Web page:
On the bus, again I whipped out my phrase book and practiced my then less-than-meager-Thai. After a few hits and misses, I found out that the guy was Chinese-Thai and could speak Mandarin---Hallelujah!! At least I could tell him to please ask his girlfriend to bring me to the toilet on our next stop!! Thank God for small blessings.

When we got to Yala, he suggested I get down with them in front of their store and then he would bring me to the train station in their car. While in the car with them, I saw the girlfriend using her cellphone and asked to call my host. Imagine my host’s surprise when she answered her phone and heard me on the other side telling her I was coming over to the train station chauffered by my new Thai friends in their nice little car.

After staying in Yala for many months, I hadn’t heard of any other incident of cancelled train trips. I also found out much later that many of the Thai English teachers don’t really speak good English and the Thai lady who was on the train with me was one of those rare finds.

I have traveled alone countless more times after that--on planes, trains and automobiles (Vintage Mercedes, to be specific), to further places, crossing borders and on complicated travel routes. But after that introductory lesson of God’s faithfulness, I have never worried about traveling alone since.

Tuesday, May 01, 2007

Coming Home

Last night, when the plane touched down, I couldn’t keep a smile from spreading on my face. I’m home again--after two years of being away! I was back to my second home: Thailand!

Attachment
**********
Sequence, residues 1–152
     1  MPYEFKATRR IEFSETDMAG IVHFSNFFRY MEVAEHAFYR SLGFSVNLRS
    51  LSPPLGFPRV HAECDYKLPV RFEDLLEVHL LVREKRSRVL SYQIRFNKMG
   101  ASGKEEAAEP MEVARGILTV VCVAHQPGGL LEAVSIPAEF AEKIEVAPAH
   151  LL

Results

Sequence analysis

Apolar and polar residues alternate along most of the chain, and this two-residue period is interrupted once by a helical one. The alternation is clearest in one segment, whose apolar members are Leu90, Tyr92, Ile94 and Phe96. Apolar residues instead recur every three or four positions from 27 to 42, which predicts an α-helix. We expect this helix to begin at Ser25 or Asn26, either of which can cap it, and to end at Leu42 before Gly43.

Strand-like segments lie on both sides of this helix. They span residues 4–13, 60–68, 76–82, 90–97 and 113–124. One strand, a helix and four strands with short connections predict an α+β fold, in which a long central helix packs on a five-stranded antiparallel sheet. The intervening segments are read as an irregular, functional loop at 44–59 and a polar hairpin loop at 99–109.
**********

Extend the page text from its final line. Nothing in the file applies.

The fact that I had to face a rather grouchy Thai immigration officer at the Hatyai International Airport didn’t dampen my spirit—hearing his sing-song Thai-accented English was a welcome sound. “Madaam, pleet suhtey in fron op kameraaa. Okee…net pehson pleet!”

As with most of my travels, I’m here in business but that doesn’t mean I can’t feel pleasure, right? So it was great to wake up to a sunny morning in Hatyai. The view from my hotel room wasn’t exactly impressive but after having been through a rainy week in Singapore, it was great to see the sun out.

Memories flood back of my time here and all the wonderful adventures I had to endure-- err--I mean, experienced! I should one day take that trip down memory lane and share with you some of my adventures!

Meanwhile, I’ve traveled down one of the least traveled routes these days, that is, to Yala, deep into South Thailand to visit a colleague. After passing one sleepy military checkpoint, it was a smooth uneventful ride from there. You know you are in “frontier country” when you discover that your roaming has been cut off—for security reasons, the Thai government hasn’t allowed roaming in South Thailand since the unrest started.

It’s really a pity to see people kept away from the South because of the bad news that’s been coming out. To me, it’s still great to be back and I look forward to practicing my rusty Thai—and eating the best Pad Thai, ever, which is just a block from where I’m staying!

Sawadii Kha!!